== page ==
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Blondesjon's avatar

Do you have an accurate sense of self?

Asked by Blondesjon (33976points) January 11th, 2009 from iPhone

We all have a certain light in which we view ourselves. Do you think that the way you percieve yourself coincides with the way others view you? This is not a question of whether or not you care about what others think. It is more a question of how honest we are with ourselves.

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19 Answers

nocountry2's avatar

Nope. When I get depressed, which is often, my self-view lens is stuck on “not fulfilling her potential”.

Grisson's avatar

My sense of self is totally bogus. Internally I view myself as 25–30 with out the grey. I am regularly shocked when I see my own picture.

And since I do such an awful job with my own physical image, my guess is I’m pretty far off on the other stuff, too.

TitsMcGhee's avatar

I think it’s correct about 65% of the time, and 35% of the time, I either give myself too much or not enough credit.

augustlan's avatar

I think I do have an accurate sense of self. I’m very aware of my faults and my strengths. I do hold myself back sometimes…get in my own way, and under-estimate my endurance, or my ability to survive a tough time. I always manage to come back around though :)

Sueanne_Tremendous's avatar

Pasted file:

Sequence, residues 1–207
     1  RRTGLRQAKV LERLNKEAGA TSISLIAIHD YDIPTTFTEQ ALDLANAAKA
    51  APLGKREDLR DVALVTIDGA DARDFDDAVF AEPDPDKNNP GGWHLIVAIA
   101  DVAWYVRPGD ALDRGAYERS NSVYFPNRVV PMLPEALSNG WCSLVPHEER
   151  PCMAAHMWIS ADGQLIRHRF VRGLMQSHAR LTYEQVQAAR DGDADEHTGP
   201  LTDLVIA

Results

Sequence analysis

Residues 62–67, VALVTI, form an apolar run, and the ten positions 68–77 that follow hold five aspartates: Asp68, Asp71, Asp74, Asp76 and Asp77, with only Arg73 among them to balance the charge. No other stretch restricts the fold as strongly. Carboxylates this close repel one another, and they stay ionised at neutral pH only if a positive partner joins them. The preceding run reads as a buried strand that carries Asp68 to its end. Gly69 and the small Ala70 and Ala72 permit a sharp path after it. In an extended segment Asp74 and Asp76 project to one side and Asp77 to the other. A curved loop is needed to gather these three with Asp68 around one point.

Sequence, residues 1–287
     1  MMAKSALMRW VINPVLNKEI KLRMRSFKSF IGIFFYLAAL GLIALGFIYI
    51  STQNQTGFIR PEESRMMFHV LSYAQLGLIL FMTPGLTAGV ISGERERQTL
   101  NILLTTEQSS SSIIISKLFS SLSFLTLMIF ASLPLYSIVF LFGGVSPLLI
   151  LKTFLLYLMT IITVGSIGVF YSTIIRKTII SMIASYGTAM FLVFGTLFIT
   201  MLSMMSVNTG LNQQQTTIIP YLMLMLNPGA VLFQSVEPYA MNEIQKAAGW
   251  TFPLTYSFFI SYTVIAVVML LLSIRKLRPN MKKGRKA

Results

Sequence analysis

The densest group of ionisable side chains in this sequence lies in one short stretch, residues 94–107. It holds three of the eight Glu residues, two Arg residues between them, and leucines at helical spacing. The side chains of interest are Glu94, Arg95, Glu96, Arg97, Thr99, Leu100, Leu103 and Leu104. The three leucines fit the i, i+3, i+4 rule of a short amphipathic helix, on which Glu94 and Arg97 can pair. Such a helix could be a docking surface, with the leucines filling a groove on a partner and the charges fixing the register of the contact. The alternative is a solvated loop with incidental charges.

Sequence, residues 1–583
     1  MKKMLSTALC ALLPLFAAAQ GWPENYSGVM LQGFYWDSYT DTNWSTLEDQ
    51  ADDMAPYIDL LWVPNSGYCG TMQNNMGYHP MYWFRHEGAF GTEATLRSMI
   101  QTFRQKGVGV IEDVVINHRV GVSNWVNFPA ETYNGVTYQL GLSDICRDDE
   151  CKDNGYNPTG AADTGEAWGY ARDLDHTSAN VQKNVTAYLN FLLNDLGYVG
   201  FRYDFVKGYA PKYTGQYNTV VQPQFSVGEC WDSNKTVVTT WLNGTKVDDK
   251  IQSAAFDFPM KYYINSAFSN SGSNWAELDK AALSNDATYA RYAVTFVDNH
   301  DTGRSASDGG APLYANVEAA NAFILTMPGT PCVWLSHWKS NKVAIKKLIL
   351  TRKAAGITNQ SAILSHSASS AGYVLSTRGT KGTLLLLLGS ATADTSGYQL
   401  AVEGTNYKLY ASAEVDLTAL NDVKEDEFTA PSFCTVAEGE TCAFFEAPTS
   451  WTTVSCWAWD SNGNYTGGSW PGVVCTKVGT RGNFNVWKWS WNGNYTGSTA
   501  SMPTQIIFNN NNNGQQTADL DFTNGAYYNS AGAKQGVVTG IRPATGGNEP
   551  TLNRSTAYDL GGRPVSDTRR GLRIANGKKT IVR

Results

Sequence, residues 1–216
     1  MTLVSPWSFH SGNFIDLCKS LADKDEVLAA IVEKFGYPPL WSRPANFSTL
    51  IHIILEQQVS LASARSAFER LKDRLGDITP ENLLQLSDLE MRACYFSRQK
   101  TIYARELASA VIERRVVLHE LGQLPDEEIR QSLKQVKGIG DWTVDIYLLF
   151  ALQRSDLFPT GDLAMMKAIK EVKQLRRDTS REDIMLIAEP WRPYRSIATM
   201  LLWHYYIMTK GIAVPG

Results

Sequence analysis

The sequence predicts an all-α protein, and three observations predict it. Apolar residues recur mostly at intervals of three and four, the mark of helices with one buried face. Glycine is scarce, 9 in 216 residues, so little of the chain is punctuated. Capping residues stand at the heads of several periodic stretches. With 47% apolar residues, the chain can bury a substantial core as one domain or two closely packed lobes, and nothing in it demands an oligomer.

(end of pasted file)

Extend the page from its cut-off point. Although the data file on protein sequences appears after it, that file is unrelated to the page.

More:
I’m pretty sure I do. I am in sales and I know from reports that customers send to my colleagues and bosses that they pretty much feel the the same way about me as I feel for myself. Basically I am a knowledgeable, cute, flirty, tough, sexy, passionate woman who does what it takes to satisfy the customer and will go the extra mile for them. Yepper. That’s me. did I mention sexy…oh yes I did. woman libbers, please don’t give me shit about saying I am sexy, flirty and cute. They are all important ingredients to get the job done when done tastefully.

TitsMcGhee's avatar

@Sueanne: I’m so okay with you saying sexy. I definitely use my sexuality in my favor, and I see no reason why women can’t use what they have to gain what they want. It’s just like using your intelligence. Guys can use their sexuality too, so why the hell not? All the more power to you.

Sueanne_Tremendous's avatar

@Tits (wow…that’s fun to type T-i-t-s). I think we all use our sexuality just some of us are more aware of it than others. And those not aware sometimes want to spoil the fun by calling us names. Heck, my sexuality works on straight women as well as men.

augustlan's avatar

I’d been missing your sexy self here, Sueanne! Glad to see you :)

aprilsimnel's avatar

I’d say I’m about 85% in sync with the people around me.

miasmom's avatar

I definitely don’t have an accurate self image, my husband always tells me I’m looking through my “Lisa Filter” which is my inaccurate view of my self.

arnbev959's avatar

The way I see it, my view of myself is by definition the 100% accurate view of self for myself. There isn’t really a way to measure how that compares with the way other people view me, because there are so many facets to who I am. “Other people” is far too broad, because every single person who knows me perceives me differently.

That said, I think most people do not have an accurate sense of who I am.

tinyfaery's avatar

I’m not sure how people view me. I think I know myself. I’m extremely changeable. I can be what others need me to be, but I retain a certain je ne se quoi that is uniquely me.